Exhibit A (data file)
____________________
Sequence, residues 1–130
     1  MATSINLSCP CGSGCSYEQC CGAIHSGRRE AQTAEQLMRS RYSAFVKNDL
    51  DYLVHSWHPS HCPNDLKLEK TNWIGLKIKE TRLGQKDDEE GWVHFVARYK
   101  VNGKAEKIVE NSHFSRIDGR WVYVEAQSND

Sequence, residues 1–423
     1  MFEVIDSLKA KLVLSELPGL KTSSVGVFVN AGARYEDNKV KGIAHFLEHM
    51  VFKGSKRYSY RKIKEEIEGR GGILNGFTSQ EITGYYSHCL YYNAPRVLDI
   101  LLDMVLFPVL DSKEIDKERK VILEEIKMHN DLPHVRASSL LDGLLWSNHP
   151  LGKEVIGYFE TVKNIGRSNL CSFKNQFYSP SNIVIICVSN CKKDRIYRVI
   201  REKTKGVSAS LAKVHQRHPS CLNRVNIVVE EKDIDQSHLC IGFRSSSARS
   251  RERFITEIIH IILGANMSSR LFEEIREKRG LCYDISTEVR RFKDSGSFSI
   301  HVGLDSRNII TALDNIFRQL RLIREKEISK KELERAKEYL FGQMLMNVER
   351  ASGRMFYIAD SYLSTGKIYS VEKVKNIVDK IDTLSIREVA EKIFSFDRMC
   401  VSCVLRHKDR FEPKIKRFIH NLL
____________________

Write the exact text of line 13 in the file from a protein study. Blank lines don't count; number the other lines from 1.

   351  ASGRMFYIAD SYLSTGKIYS VEKVKNIVDK IDTLSIREVA EKIFSFDRMC